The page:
In 1982 Congress enacted IRC § 280E largely in response to Jeffrey Edmondson v. Commissioner, a case in which the Tax Court allowed an illegal business engaged in the sale of amphetamines, cocaine, and marijuana to recover the cost of the controlled substances and claim certain business deductions. Congress stated that:
There is a sharply defined public policy against drug dealing. To allow drug dealers the benefit of business expense deductions at the same time that the U.S. and its citizens are losing billions of dollars per year to such persons is not compelled by the fact that such deductions are allowed to other, legal, enterprises. Such deductions must be disallowed on public policy grounds.
IRC §280E reads:
No deduction or credit shall be allowed for any amount paid or incurred during the taxable year in carrying on any trade or business if such trade or business (or the activities which comprise such trade or business) consists of trafficking in controlled substances (within the meaning of schedule I and II of the Controlled Substances Act) which is prohibited by Federal law or the law of any State in which such trade or business is conducted.
The result of 280E is an effective tax rate on marijuana-related businesses that can reach between 60-90 percent. Business expenses scrutinized by the IRS include employee salaries, utilities, health insurance premiums, marketing and advertising costs, rent, and independent contractor payments. This treatment by the IRS has made it very difficult for these businesses to remain profitable and has resulted many closing their doors after only a few years.
While deducting ordinary and necessary businesses expenses is prohibited under 280E, marijuana-related business are allowed to deduct cost of goods sold (“COGS”). If employed correctly, categorizing certain expenses as below the line deductions can mitigate the detrimental impact of 280E. A marijuana-related business must carefully examine each business expense to determine if that expense directly contributes to the costs associated with the production of marijuana. Supply costs (such as printed labels placed on medical marijuana bottles), material costs (such as seeds), and labor costs (such as planting, harvesting, sorting, and cultivating) may all potentially be included in COGS.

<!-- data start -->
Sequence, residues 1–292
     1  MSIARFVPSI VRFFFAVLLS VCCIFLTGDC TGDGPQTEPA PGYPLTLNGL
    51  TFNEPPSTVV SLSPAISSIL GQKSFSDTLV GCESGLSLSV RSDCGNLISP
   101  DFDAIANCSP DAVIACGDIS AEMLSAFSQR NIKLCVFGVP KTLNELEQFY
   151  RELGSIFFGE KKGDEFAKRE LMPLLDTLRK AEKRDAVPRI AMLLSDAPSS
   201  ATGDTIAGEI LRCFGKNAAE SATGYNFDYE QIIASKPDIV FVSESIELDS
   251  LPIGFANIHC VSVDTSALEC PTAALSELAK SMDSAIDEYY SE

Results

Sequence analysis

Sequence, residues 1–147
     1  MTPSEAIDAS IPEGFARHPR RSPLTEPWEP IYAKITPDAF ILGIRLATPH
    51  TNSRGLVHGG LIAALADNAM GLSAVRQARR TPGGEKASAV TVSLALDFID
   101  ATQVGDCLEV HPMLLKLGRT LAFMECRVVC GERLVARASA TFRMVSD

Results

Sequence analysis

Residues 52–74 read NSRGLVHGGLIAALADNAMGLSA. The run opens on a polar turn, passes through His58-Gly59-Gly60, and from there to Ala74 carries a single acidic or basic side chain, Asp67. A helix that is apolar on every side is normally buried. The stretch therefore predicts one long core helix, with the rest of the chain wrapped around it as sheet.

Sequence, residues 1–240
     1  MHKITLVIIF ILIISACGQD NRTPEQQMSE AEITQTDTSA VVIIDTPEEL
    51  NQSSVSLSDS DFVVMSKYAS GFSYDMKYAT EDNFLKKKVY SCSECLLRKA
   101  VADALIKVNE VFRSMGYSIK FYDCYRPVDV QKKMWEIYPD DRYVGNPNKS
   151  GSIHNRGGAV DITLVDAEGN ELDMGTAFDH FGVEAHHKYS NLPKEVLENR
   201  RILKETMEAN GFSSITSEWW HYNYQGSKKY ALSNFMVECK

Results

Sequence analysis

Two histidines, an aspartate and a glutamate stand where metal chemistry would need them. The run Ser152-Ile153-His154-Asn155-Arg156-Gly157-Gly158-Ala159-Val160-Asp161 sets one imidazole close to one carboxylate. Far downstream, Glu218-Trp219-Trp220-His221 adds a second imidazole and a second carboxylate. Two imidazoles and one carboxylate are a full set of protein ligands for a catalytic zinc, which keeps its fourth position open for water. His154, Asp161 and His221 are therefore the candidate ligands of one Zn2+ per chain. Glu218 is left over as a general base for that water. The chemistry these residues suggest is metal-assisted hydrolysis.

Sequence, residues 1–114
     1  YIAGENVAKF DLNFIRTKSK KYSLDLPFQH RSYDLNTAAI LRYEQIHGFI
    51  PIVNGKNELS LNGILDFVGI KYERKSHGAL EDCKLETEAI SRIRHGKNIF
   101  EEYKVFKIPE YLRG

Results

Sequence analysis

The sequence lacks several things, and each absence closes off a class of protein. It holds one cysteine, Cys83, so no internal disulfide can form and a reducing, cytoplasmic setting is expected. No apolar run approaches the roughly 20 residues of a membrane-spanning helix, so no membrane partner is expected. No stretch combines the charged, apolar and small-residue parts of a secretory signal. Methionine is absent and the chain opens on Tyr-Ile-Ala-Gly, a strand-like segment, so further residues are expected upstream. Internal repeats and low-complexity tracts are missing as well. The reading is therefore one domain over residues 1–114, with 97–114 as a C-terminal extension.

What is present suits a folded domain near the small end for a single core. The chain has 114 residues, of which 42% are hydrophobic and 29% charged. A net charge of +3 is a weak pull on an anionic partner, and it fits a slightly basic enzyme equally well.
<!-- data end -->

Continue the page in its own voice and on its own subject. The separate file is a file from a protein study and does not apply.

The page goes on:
Another option to mitigate the impact of 280E is to diversify the services offered by a marijuana-related business. In Californians Helping to Alleviate Medical Problems, Inc. v. CIR (“CHAMP”), the tax court held that a taxpayer’s caregiving services and its provision of medical marijuana were separate trades or businesses for purposes of 280E, and does not preclude taxpayer from deducting the expenses attributable to the caregiving service. In CHAMP a business that offered caregiving services and medical marijuana to its members with debilitating diseases was able to attribute nearly 90 percent of certain expenses to the caregiving services portion of the business. If executed properly, offering supplemental services, such as selling clothing, accessories, and smoking devices can be an effective technique to thwart 280E. Using different cash registers for marijuana and non-marijuana products, selling marijuana and non-marijuana products in separate areas of a retail store, and allocating employee hours to marijuana or non-marijuana activities are a few methods to ensure favorable tax treatment. As later court decisions evidence, failure to keep meticulous financial records and clearly delineate between services offered may result in less than favorable treatment under 280E.
In Olive v. CIR, the court found that a medical marijuana dispensary was precluded from deducting ordinary and necessary business expenses under 280E because selling medical marijuana was the only income generating activity it was engaged in. The provision of vaporizers, food and drink, yoga, games, movies, and counseling services offered by the dispensary at no costs to its patrons did not qualify as a separate trade or business. The court distinguishes this case from CHAMP by comparing two hypothetical bookstores. Store A sells books and provides complimentary amenities to its patrons. Store B sells books AND sells coffee and pastries. The book and food sales by store B qualify as a separate trade or business while the book sales and complimentary amenities offered by store A do not.
In Canna Care v. CIR, a medical marijuana dispensary was found to owe more than $800,000 in federal taxes after the court determined the sale of medical marijuana was the primary source of income and the sale of books and t-shirts did not qualify as a separate trade or business. The court was not able to determine the percentage of income derived from the sale of medical marijuana from the income derived from sale of books, t-shirts, and other items.
Both Olive and Canna Care illustrate marijuana-related businesses will be held to a strict standard when trying to establish different revenue sources as a separate trade or business. To mitigate the full force of 280E it is imperative that these businesses clearly delineate between different services, charge for non-marijuana products and services, keep service specific financial records, and establish protocols to ensure all employees properly allocate their time.